For small, invasive woody shrubs, vines and trees, I use the pull-out-all-roots and leave-to-dry method. The key is in getting all the roots. I often leave the pulled plant to dry atop a fallen tree , then target the areas where invasives were found for continued re-checking for new sprouts. This is particularly important for Japanese barberry, as it aggressively regenerates from the slightest piece of root left in the soil.

OLYMPUS DIGITAL CAMERA When I spot a large number of newly sprouted invasive plants – think Oriental bittersweet seedlings that sprout each spring under trees after birds have deposited partially digested seeds during winter roosting visits to the tree’s upper branches – I collect pulled seedlings in a plastic bag (I reuse large plastic bags from prior mulch, compost, or soil amendment purchases). Letting bagged seedlings bake in the sun for a week or so kills seeds/roots then the bags go into the trash.

This is my preferred disposal method for Japanese Stilt Grass seedlings and plants (left photo), bittersweet seedlings, garlic mustard, and any small weed in flower.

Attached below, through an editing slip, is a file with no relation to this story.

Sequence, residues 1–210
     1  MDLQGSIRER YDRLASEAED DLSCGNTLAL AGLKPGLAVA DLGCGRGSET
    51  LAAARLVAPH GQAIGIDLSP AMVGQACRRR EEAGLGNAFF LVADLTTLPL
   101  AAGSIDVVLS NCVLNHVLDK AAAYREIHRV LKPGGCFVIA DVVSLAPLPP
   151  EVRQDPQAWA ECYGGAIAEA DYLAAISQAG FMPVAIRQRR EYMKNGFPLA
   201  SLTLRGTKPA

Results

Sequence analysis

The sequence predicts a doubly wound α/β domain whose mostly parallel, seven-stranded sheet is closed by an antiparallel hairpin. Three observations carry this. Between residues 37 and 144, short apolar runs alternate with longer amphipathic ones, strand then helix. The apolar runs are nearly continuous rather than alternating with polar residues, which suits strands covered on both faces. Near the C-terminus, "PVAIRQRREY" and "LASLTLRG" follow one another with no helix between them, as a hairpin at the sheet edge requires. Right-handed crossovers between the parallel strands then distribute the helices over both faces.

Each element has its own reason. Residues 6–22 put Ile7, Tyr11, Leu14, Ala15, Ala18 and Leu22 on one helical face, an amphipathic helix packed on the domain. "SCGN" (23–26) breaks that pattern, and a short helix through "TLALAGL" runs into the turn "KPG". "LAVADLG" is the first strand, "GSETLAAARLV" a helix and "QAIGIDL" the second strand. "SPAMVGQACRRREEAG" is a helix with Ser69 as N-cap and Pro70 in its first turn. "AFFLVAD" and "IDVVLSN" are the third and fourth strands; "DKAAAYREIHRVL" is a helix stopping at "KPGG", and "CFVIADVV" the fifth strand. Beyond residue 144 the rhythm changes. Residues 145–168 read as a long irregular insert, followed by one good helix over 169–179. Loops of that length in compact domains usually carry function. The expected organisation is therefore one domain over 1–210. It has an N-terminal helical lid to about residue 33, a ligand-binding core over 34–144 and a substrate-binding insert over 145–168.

After weeding out young invasives – or any weeds – be sure to follow the standard good-gardening practice of covering exposed/disturbed soil with some sort of mulch.

Larger invasive plants, such as bittersweet vines that have climbed into trees, can be cut to prevent further growth, leaving cut remains on site to dry. But cut trunks/stems must be monitored for re-growth. And … if the invasive has produced flowers or seeds, the area must be regularly checked for newly sprouted seedlings. Non-flowering, non-seeding woody plant material can be chipped, left in place,  or used to create a brush pile as habitat for woodland birds and creatures.

Japanese barberry requires repeated monitoring and managing of regrowth. This video shows how torching is used for Japanese Barberry control, but this method requires specific precautions and is not recommended for everyone.

 

Courtesy of the Univ. of CT Extension System, CT Agricultural Experiment Station